City Attorney May Change as Position Opens Up

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Wednesday, February 3, 2016, 11:24 am
Alice Dreger

Above: Tom Yeadon and the McGinty firm offices along Abbot Road

Without discussion, last night East Lansing’s City Council passed a resolution authorizing City Manager George Lahanas to put out a call for proposals for a new City Attorney. This follows the City maintaining no-bid contracts for counsel with the East Lansing-based McGinty firm since the 1960s. Tom Yeadon of the McGinty firm has acted as our City’s chief counsel since 2012.

The resolution says that the City Council “desires to examine, consider and review the cost of legal services provided to the City” and says that “The most expedient way to accomplish that objective is to issue a Request for Proposal to Provide Legal Services.” The resolution instructs the City Manager to “invite applicants to submit relevant information and proposals.”

Legal services are currently costing East Lansing taxpayers upwards of a half-million dollars per year. Some say that cost could be reduced by using a different firm or an in-house counsel.

In 2012, East Lansing’s City Council considered opening up the field to new bids, following a number of controversies. But Council elected then to renew Yeadon’s contract.

Yeadon was then under criticism for what the Lansing State Journal deemed “the bureaucratic collapse” of the St. Anne Lofts projects on Albert Street. In that case, construction was done without the proper permits, a fifth floor was added without approval, and one construction application before Council was presented in the name of a company that had earlier been dissolved, with Yeadon telling Council they could proceed without a legal applicant. The project suffered collapse of a floor during construction.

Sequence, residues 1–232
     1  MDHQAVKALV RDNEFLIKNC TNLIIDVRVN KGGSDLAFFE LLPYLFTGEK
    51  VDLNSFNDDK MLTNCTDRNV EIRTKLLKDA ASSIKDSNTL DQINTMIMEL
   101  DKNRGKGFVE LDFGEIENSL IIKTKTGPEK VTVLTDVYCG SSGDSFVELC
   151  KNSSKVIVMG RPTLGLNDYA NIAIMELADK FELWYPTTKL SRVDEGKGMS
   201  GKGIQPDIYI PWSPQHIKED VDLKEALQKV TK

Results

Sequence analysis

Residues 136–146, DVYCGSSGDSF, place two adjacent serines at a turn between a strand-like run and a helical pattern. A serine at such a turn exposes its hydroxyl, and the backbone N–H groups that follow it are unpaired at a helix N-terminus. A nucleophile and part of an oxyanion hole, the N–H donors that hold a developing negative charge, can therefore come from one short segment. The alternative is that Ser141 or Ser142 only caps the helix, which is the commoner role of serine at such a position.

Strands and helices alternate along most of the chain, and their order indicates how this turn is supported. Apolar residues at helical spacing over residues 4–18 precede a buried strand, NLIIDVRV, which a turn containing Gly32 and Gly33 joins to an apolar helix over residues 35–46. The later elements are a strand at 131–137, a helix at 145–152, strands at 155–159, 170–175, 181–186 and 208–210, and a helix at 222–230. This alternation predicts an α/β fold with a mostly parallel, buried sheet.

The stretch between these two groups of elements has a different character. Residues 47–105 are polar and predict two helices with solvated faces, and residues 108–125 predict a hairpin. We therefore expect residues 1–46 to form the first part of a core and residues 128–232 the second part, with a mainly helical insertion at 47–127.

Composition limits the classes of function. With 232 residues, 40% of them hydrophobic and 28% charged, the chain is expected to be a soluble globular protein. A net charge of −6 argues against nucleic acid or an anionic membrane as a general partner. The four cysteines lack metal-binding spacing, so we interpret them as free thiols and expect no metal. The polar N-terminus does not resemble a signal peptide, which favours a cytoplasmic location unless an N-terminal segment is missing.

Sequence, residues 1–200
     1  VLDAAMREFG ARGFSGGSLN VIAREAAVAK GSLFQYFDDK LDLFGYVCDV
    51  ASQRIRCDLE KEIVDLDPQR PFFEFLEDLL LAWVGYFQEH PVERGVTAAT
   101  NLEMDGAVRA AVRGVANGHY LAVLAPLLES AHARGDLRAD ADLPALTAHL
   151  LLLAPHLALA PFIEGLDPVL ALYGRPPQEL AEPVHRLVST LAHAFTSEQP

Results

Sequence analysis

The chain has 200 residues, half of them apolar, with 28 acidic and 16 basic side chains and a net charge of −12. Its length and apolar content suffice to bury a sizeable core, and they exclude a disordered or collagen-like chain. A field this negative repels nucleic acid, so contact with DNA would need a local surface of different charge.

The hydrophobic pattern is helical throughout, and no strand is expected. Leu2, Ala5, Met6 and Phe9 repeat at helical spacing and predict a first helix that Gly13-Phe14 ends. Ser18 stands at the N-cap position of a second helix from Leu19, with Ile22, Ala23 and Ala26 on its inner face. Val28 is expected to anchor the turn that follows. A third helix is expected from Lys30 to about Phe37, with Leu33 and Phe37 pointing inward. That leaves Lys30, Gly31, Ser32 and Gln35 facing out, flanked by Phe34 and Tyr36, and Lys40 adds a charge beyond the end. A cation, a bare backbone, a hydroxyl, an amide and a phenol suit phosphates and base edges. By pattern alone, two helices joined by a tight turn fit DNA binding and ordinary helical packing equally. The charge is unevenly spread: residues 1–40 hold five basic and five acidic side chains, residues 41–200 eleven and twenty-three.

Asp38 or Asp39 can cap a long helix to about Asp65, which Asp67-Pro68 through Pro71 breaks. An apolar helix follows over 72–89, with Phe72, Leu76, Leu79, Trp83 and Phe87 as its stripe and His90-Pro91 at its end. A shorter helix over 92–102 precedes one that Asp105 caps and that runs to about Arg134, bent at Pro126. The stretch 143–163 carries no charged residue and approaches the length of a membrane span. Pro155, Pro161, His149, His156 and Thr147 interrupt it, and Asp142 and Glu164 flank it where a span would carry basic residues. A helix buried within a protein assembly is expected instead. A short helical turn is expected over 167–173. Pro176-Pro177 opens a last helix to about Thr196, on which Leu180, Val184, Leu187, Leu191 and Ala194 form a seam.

Yeadon has also been the target of criticism for other City matters, including advising City Council on an easement agreement involved in the reconstruction of the retaining wall along the Abbot Road sidewalk just outside the City attorney’s private offices. In that case, Yeadon did not specifically disclose to Council that he was a co-owner in the company with which the City was entering into the easement agreement. The City paid over $100,000 to fix the retaining wall.

The McGinty’s firm’s long record of success in defending the City in litigation has often been cited as a major reason to maintain the McGinty firm as the City’s chief legal counsel.

At last night’s meeting, City Council used the consent agenda to approve the resolution to seek proposals for a new city attorney. That means Council had no discussion of it and simply passed the resolution in a 5-0 vote along with many other items.


To read what else happened at Council this week, check out ELi's weekly Council Capsule.


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